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Dynamics of Tourism Growth in India

Ensuring that the tourism infrastructure supply chain is seamless will require not just creating a consistent and informative process

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Tourism, Growth, India
Fundamentally, for the robust long-term growth of the tourism sector, India must ensure that it is offering an eco-system that is attractive and consistent. Pixabay

The dynamics of industrial growth in India, for all ancillary industries, makes for fascinating reading and analysis. India has embarked on a renewed push towards making the country an attractive tourist destination through a variety of measures such as the “Incredible India 2.0” campaign. Both local and international destinations have wooed domestic Indian tourists. Regardless of whether one considers inbound or outbound tourism, the tourism supply chain provides exciting opportunities for investors and provides pointers towards much-needed infrastructure developments.

At a fundamental level, as India looks to develop further this component of the economy derived from tourism, it is vital to focus on the convergence of marketing & branding (read availability of information regarding possible tourist destinations), accessibility and local infrastructure such as hotels, eateries, transportation and medical facilities. Fundamentally, for the robust long-term growth of the tourism sector, India must ensure that it is offering an eco-system that is attractive and consistent.

Ensuring that the tourism infrastructure supply chain is seamless will require not just creating a consistent and informative process that generates tourist interest, but also a back-to-front infrastructure linkage that delivers the experience. For instance, a trip to the Taj Mahal via the Delhi Airport and the expressway linking Delhi to Agra is vital to ensuring that the branding and marketing of a tourist destination deliver value.

A closer look at the example stated above throws light upon the importance of the airline connectivity, highway and airport infrastructure involved. Additionally, the availability of the local hospitality industry that caters to the spectrum of incoming tourists at the tourist destination is vital. One missing piece in the link renders all other assets relatively incapable of realising full value. On the contrary, a seamless infrastructure linkage system ensures that the various components in the supply chain can operate close to full potential to generate value.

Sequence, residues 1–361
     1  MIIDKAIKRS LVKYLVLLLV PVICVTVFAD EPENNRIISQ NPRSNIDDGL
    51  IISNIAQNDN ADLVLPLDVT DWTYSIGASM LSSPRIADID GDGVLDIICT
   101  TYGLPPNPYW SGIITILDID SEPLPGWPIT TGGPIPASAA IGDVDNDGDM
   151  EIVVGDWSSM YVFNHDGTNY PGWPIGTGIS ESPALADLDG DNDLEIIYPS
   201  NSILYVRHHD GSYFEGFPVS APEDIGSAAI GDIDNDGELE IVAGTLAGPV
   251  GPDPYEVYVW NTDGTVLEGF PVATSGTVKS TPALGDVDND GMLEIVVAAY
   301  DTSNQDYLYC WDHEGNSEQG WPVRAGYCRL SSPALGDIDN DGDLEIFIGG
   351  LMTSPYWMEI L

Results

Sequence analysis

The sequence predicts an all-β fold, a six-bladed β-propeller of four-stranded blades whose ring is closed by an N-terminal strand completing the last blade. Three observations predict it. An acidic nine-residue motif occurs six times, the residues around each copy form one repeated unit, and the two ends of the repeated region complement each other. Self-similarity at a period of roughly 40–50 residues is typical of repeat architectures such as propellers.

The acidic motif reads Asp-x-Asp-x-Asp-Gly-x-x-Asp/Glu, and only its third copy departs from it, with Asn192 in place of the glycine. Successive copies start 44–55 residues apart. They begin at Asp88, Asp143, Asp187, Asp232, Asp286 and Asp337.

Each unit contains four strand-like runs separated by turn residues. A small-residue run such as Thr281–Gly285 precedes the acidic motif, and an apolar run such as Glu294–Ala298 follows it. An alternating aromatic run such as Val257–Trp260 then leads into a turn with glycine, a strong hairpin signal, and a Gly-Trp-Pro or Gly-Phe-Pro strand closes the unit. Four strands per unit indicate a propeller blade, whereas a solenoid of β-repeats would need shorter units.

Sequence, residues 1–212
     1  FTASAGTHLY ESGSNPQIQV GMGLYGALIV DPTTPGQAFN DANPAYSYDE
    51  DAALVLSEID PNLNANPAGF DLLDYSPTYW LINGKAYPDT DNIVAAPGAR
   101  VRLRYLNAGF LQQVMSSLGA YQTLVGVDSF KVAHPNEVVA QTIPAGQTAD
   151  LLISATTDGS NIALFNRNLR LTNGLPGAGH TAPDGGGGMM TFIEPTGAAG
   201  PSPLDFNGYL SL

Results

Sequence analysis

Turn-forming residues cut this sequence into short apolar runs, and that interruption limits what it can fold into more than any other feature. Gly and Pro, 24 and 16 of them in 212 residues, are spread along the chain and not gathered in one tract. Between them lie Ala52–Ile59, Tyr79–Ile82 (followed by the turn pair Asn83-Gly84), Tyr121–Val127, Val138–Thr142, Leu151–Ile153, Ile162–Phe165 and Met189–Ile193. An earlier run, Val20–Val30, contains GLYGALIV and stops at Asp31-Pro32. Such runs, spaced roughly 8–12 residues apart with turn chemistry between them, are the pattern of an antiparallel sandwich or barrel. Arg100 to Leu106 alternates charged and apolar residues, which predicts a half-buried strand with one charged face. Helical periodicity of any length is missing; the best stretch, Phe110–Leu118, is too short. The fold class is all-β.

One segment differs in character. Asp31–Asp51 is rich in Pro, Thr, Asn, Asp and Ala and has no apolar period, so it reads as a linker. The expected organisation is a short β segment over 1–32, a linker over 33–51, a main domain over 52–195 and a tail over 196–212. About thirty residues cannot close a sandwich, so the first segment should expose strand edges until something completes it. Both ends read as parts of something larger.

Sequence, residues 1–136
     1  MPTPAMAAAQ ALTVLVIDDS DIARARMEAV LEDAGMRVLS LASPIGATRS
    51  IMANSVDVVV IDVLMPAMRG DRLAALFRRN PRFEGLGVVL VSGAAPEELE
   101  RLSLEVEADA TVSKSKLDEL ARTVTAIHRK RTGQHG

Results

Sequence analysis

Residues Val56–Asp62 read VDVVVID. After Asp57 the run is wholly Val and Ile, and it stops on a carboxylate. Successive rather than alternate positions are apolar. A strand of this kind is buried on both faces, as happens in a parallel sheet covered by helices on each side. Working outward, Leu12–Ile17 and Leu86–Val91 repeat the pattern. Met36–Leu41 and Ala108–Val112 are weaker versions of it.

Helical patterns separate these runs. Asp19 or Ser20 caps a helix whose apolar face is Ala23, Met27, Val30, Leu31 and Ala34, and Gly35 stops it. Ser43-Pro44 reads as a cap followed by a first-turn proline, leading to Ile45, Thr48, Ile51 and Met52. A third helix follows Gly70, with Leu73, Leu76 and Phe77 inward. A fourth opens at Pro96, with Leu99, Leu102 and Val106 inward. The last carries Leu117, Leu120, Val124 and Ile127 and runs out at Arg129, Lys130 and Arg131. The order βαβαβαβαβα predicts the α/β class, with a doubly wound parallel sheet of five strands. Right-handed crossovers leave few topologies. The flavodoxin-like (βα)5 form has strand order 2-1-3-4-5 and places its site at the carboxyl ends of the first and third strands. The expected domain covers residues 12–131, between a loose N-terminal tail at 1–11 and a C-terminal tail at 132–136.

Tourism, Growth, India
At a fundamental level, as India looks to develop further this component of the economy derived from tourism, it is vital to focus on the convergence of marketing & branding (read availability of information regarding possible tourist destinations). Pixabay

For example, exceptional air connectivity to a tourist destination and the availability of hotel infrastructure that caters to a broad spectrum of tourists is rendered relatively ineffective in generating significant tourist traffic without the last-mile road connectivity required between the airport and the final tourist destination. It is vital to underscore that the focus isn’t only on the international tourist, but on both foreign and domestic tourists.

Essentially, as the interlinkages mentioned above will improve, so will the volume of tourist traffic. The capacity for both the government and investors to further develop the cornerstone of the tourism infrastructure linkage stated above has significant multiplier effects for investment opportunities in linked sectors. The luggage industry is a classic example of a sector that will provide investment avenues as the Indian tourism industry develops further. Additionally, not only will the ancillary industries such as luggage grow, but they will also grow in terms of segmentation. With gradually rising incomes, opportunities will be created not just by aggregate market size growth but by tapping into segments such as higher-end luggage demand.

The key takeaway is that as basic tourism infrastructure will grow, linked industries such as luggage, banking and foreign exchange service providers will flourish. Opportunities through market disruptions must be viewed by investors as an avenue to get into growth segments that benefit from tourism growth in India. The opportunity to acquire a foreign exchange business from a larger business group or to get a foothold within the luggage industry must be viewed as an opportunity to tap into the tourism potential.

Indian tourism opportunities must be viewed through a wider lens of tourism that not only caters to traditional hospitality but also builds on the niche opportunities available. Medical tourism is an area that has seen significant growth in the past years and with the infrastructure ecosystem providing support will grow further.

Also Read- Vietnam and Australia to Start Collaborating on Science Initiatives

However, segments such as the meetings (both national and international), incentives, conventions and exhibitions (MICE) and wedding destination need more significant focus in India. Infrastructure creation that will allow India to gain a foothold in the MICE tourism space gradually is vital. Not only will there be direct earnings, but existing hospitality assets will be able to ramp up their returns on the back of adequate MICE infrastructure.

The tourism industry going further offers significant opportunities to India to generate jobs, more GDP and investment opportunities. Further building on the available opportunities through a well-planned and holistic approach is urgently required. (IANS)